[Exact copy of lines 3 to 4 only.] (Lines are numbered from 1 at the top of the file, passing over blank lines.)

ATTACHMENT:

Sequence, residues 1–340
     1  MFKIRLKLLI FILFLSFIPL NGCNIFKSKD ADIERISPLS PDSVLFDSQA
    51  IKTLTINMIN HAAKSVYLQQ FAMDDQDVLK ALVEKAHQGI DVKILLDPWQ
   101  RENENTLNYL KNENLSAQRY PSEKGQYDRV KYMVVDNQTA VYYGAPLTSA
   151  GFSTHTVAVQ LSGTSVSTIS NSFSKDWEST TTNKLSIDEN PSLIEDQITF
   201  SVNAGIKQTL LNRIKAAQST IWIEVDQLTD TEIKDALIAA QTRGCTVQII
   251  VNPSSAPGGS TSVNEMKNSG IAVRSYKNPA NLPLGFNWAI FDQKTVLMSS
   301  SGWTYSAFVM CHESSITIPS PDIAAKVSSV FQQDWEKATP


    51  IKTLTINMIN HAAKSVYLQQ FAMDDQDVLK ALVEKAHQGI DVKILLDPWQ
   101  RENENTLNYL KNENLSAQRY PSEKGQYDRV KYMVVDNQTA VYYGAPLTSA